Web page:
All of the pictures on these pages were taken by readers of
The Acceleration Archive who have kindly agreed to share them with us.

Click on any image to get the bigger picture


The first three pictures on this page were kindly submitted by Keith Parnell who in 1975 became the first man in Europe to run under 9 seconds on two wheels.  These are pictures of that record breaking machine which Keith called Rouge et Noir because the bike was painted red and black.  This shot looks to have been taken at Blackbushe.





Keith thinks that this picture was taken at RNAY Wroughton on the day that John Nutting (well named if you ask me) from Motorcycle Weekly 'road tested' Rouge et Noir.



The location of this picture is unknown but Keith recalls it was late in 1975 after he had destroyed the 8 second engine at Aintree running an eighth mile with no grip.  The new engine was built at 680cc with a Gordon Allen one piece crank and steel rods and was the foundation of Rouge et Noir II.  The best time for the 680cc lump was 9.2 seconds at 156 mph which was Keith's best terminal speed still only using two gears.


Most of the next set of pictures pre-date drag racing in this country because they were taken in the early 1960s.  They also come from an unexpected source - none other than ex-top fuel pilot Peter Crane.  Most people associate Peter with being the first man outside the USA to run under 6 seconds in a top fuel dragster (and of defeating reigning NHRA World Champion and drag racing legend 'Big Daddy' Don Garlits on the way).
The first picture shows Peter on Bill Bragg's World record holding Triumph Yellow Peril at Duxford circa 1961.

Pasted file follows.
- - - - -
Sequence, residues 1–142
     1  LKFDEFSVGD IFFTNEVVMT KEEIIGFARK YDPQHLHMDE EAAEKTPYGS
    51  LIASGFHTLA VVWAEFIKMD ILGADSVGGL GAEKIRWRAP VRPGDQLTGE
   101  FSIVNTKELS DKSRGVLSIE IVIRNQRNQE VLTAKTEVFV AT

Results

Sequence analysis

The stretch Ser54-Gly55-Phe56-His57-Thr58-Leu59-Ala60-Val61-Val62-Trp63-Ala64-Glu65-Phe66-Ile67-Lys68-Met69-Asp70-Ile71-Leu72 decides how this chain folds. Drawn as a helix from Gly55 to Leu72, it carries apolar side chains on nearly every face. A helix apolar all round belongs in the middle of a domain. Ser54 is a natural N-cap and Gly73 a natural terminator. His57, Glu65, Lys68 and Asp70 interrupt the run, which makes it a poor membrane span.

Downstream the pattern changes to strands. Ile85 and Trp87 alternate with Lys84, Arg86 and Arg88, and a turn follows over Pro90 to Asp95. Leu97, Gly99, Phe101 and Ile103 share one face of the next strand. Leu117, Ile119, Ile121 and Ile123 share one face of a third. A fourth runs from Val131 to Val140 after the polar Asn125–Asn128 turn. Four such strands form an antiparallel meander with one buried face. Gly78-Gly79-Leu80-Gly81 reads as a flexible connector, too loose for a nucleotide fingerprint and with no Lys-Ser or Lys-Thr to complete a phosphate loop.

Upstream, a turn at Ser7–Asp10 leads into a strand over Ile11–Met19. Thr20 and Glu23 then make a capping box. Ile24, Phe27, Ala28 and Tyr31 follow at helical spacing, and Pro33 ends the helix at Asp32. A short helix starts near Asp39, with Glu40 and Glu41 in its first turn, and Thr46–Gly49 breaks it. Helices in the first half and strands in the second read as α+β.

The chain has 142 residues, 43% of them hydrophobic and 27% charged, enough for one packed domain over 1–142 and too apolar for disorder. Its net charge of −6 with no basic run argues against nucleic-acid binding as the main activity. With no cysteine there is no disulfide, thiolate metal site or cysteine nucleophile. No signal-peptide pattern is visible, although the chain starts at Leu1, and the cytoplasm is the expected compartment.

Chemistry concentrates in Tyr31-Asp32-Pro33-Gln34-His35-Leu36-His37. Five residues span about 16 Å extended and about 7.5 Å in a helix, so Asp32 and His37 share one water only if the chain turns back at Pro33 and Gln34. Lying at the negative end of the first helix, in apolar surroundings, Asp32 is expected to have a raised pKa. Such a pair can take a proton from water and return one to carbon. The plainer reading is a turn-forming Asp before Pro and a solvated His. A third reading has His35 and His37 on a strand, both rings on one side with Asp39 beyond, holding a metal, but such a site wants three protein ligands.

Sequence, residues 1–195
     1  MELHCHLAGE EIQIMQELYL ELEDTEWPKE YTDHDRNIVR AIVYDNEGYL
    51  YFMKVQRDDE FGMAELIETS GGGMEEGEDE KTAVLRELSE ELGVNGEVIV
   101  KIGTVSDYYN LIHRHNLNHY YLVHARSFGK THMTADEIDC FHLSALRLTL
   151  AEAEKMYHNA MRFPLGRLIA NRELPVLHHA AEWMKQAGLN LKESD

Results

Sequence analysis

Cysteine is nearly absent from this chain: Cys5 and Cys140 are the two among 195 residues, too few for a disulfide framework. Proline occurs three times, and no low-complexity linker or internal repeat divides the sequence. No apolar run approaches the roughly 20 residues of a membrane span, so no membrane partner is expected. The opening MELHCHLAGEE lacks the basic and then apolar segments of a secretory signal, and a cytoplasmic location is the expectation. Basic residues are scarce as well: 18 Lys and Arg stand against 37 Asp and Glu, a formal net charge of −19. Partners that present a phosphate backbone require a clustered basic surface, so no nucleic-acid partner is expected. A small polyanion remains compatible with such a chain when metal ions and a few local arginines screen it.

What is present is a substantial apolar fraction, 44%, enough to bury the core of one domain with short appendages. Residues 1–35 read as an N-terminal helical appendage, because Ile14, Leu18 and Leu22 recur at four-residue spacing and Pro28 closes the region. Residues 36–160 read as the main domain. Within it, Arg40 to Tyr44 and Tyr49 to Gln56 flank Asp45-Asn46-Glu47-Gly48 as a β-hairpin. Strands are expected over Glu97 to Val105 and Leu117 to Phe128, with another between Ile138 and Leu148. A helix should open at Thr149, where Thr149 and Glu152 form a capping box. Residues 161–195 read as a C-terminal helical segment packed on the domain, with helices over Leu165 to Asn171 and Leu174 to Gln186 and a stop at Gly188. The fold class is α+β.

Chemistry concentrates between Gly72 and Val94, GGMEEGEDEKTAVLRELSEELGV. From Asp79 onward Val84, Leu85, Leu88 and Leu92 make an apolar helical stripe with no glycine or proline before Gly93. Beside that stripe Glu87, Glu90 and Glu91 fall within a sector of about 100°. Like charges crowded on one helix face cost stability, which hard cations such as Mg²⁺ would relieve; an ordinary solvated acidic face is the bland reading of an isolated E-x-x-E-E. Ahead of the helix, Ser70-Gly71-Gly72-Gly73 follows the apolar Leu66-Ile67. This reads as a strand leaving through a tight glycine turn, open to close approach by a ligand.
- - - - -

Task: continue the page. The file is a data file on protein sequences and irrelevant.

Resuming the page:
Yellow Peril seen in profile displaying its magnificent proboscis.  The bike was recently discovered in a garden in Surrey having lain there for 35 years.  Restoration was carried out and Norman Hyde rode the machine at a sprint meeting at North Weald in July 2005.



This is Peter aboard another of Bill Bragg's creations, this time called Silver Peril, at Ramsgate in the early 1960s.



And here is Bill Bragg himself on yet another of his Triumph powered bikes.  I am surprised Peter let him have a go . . .


A superb picture of George Brown's famous 1000cc supercharged Vincent Super Nero.





A close-up shot of Super Nero.



Left and right - George Brown riding the mighty machine in the early 1960s.


Left : Another close-up of an early blown 1000cc Vincent - this time the owner was Reggie Gilbert.

Right : Flame burn outs just do not happen on today's highly prepped surfaces.  Back in the 1970s they were quite the thing although not often performed by bike riders.  This picture shows Danny Johnson on his single Harley-engined fuel bike.




Peter Crane launching hard in his Pro Stock Camaro Eazy Ridin'.





Peter peformed three observed runs in the notoriously evil-handling Firefly Top Fuel Dragster before going on to drive his rear engined Stormbringer car into the fives.



Another flame burn out, this time performed by Don Schumacher in his Stardust AA/FC.  This picture will have been taken in 1973.


The next set of pictures have been contributed by Glenn Ramsden of UK Event Safety.  We will start Glenn's pictures with this fine study of the Gloworm Capri funny car built by Fibreglass Repairs Limited.



This is Mickey Naylor's stunning Medicine Man Pro Comp dragster.  This car had originally been imported from the USA by the John Woolfe Racing team and driven by Dennis Priddle.  The car was called Mr Revell and recorded the lowest ET ever of 6.04 seconds for a front engined dragster.  This record stood for decades before nostalgia racing became popular in the USA.


The legendary Al's Gasser (ex-Motor Psycho competition altered) pictured at Santa Pod.  Glenn seems to have the same penchant as me for taking pictures of this car outside the evil smelling toilets.



Al's Gasser crashed at the Pod in 1978 and was totally destroyed as these pictures testify.  Fortunately it was soon re-built and going faster than ever.




This fine painting of Colin Mullan driving his London Heavy Pro Stocker was painted by Rici Di-Tommaso and was submitted by his son Angelo.  Rici was also responsible for the lettering on the actual race car.


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